We’re beginning to wonder if it’s really summer here in the south, but most of the rest of the country is celebrating the end of a long, dark, snowy winter. And, since I’m reading a Really Long Book that I don’t plan to finish until next week at the earliest, I figured it would be nice to explore a little springtime poetry by some of my favorite poets.
(If the formatting of this poem isn't really weird - meaning if it's lined up on the left, click over to the blog.)
r-p-o-p-h-e-s-s-a-g-r who a)s w(e loo)k upnowgath PPEGORHRASS eringint(o- aThe):l eA !p: S a (r rIvInG .gRrEaPsPhOs) to rea(be)rran(com)gi(e)ngly ,grasshopper;
Spring is like a perhaps hand
(which comes carefully
out of Nowhere)arranging
a window,into which people look(while
arranging and changing placing
carefully there a strange
thing and a known thing here)andchanging everything carefullyspring is like a perhaps
Hand in a window
and from moving New and
people stare carefully
moving a perhaps
fraction of flower here placing
an inch of air there)andwithout breaking anything.
Nothing is so beautiful as spring— When weeds, in wheels, shoot long and lovely and lush; Thrush's eggs look little low heavens, and thrush Through the echoing timber does so rinse and wring The ear, it strikes like lightnings to hear him sing; The glassy peartree leaves and blooms, they brush The descending blue; that blue is all in a rush With richness; the racing lambs too have fair their fling. What is all this juice and all this joy? A strain of the earth's sweet being in the beginning In Eden garden.—Have, get, before it cloy, Before it cloud, Christ, lord, and sour with sinning, Innocent mind and Mayday in girl and boy, Most, O maid's child, thy choice and worthy the winning.
Glory be to God for dappled things— For skies of couple-colour as a brinded cow; For rose-moles all in stipple upon trout that swim; Fresh-firecoal chestnut-falls; finches’ wings; Landscape plotted and pieced—fold, fallow, and plough; And áll trades, their gear and tackle and trim. All things counter, original, spáre, strange; Whatever is fickle, frecklèd (who knows how?) With swíft, slów; sweet, sóur; adázzle, dím; He fathers-forth whose beauty is pást change: Práise hím.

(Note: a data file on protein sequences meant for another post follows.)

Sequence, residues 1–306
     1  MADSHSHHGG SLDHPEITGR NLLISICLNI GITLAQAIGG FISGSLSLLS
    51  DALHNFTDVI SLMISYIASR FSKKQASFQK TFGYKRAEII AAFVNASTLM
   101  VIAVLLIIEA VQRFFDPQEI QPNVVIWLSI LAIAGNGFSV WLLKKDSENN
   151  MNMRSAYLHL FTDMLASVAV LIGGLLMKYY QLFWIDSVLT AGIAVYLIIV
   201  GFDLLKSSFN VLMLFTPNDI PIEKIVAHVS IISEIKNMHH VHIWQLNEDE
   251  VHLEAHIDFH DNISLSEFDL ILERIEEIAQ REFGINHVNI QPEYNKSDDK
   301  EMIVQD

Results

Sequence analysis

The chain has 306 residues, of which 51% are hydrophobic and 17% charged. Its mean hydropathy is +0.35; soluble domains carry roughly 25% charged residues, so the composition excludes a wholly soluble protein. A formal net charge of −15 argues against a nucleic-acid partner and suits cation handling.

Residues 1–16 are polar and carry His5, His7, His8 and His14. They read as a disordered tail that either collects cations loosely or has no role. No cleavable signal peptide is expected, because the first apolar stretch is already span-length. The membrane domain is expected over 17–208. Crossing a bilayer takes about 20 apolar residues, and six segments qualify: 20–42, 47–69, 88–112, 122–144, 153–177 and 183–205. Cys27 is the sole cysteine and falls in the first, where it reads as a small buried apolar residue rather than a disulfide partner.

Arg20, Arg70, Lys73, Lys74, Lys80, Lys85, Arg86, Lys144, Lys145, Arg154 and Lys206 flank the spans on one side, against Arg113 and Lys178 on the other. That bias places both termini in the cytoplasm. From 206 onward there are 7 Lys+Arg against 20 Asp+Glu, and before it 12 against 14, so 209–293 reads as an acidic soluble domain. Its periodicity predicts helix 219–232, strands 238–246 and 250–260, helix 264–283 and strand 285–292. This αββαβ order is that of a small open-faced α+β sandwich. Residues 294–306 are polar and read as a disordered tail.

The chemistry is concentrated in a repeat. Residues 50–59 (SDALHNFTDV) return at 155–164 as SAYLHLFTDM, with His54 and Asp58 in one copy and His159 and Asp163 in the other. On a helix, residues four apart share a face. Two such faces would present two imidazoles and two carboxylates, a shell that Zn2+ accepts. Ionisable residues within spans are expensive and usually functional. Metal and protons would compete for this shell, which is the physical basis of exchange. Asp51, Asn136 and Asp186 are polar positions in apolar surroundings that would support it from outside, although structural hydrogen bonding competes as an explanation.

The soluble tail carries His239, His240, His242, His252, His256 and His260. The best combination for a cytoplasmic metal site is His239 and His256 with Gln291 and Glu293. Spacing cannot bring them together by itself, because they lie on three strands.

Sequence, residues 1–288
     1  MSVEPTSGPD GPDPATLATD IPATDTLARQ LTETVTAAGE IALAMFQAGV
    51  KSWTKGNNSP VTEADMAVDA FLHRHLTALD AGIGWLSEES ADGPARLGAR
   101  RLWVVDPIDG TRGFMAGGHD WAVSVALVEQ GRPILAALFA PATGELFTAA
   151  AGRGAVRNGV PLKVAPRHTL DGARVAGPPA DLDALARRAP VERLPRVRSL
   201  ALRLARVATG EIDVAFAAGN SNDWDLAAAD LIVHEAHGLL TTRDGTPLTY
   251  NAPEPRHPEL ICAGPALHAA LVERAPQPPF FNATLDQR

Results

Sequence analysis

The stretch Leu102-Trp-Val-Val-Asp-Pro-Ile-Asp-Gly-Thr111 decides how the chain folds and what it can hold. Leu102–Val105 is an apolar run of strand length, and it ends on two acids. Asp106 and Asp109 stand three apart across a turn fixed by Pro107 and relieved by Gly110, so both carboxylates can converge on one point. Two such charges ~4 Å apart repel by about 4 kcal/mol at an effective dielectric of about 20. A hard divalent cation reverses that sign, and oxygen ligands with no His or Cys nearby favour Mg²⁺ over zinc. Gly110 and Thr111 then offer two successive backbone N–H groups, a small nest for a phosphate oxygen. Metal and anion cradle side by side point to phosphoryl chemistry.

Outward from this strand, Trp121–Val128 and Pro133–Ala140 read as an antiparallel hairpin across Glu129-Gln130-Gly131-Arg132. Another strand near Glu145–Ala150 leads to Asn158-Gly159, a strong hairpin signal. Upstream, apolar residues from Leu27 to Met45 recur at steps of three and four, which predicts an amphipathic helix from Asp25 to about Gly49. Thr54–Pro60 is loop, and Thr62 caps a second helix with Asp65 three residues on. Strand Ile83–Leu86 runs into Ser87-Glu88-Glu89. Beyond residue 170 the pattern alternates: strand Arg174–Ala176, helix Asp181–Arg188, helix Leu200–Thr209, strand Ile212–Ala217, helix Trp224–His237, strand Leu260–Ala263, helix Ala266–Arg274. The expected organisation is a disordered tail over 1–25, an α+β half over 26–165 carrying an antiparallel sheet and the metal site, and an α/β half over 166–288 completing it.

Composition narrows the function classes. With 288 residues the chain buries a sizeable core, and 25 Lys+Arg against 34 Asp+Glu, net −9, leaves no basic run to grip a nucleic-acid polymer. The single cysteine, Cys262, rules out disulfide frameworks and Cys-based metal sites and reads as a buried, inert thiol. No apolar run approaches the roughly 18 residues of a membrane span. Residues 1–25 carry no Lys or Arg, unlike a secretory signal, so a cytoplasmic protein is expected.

What do you think has become of the young and old men?
And what do you think has become of the women and children?They are alive and well somewhere,
The smallest sprout shows there is really no death,
And if eer there was it led forward life, and does not wait at the end to arrest it,
And ceas’d the moment life appear’d.All goes onward and outward, nothing collapses, [take that, Yeats!]
And to die is different from what any one supposed, and luckier.
I heard a thousand blended notes,
While in a grove I sate reclined,
In that sweet mood when pleasant thoughts
Bring sad thoughts to the mind.To her fair works did nature link
The human soul that through me ran;
And much it grieved my heart to think
What man has made of man.Through primrose tufts, in that sweet bower,
The periwinkle trailed its wreaths;
And ’tis my faith that every flower
Enjoys the air it breathes.The birds around me hopped and played:
Their thoughts I cannot measure,
But the least motion which they made,
It seemed a thrill of pleasure.The budding twigs spread out their fan,
To catch the breezy air;
And I must think, do all I can,
That there was pleasure there.If this belief from heaven be sent,
If such be Nature’s holy plan,
Have I not reason to lament
What man has made of man?